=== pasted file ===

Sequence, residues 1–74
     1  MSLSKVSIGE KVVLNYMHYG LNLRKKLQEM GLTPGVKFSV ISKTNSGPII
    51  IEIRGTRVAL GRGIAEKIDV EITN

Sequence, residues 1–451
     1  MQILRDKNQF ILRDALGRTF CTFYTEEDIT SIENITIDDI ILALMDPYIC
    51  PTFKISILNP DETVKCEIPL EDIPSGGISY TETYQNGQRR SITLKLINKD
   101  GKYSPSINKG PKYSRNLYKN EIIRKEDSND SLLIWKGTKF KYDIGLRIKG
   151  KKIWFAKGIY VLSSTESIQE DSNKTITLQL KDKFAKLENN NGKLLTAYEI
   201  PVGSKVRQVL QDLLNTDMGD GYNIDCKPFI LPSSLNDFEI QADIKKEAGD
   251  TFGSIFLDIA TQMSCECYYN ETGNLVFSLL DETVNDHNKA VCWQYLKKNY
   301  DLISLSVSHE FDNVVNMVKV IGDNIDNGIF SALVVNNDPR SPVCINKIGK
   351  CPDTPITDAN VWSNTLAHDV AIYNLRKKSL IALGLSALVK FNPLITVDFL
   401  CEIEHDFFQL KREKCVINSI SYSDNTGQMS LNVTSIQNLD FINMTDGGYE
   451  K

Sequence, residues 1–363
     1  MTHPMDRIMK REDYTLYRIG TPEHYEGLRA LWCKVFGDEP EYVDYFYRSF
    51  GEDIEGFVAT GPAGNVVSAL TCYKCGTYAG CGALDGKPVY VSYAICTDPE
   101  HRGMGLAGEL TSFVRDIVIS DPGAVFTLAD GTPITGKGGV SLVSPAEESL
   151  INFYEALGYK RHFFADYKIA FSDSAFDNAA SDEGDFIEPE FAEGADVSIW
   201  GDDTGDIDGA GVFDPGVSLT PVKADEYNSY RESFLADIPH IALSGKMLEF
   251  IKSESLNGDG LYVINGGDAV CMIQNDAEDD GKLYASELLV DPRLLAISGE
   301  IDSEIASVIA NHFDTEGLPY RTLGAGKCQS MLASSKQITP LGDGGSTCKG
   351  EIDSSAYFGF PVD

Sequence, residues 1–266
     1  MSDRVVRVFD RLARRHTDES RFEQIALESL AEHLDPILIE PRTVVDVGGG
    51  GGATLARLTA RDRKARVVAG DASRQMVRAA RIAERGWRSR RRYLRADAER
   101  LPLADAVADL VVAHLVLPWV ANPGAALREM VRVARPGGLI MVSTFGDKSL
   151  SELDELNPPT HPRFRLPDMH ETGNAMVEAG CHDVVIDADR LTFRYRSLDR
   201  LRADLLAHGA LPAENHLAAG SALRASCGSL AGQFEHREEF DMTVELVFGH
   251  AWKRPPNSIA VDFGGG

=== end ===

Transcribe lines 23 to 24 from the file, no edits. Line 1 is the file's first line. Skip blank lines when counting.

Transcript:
   351  EIDSSAYFGF PVD

Sequence, residues 1–266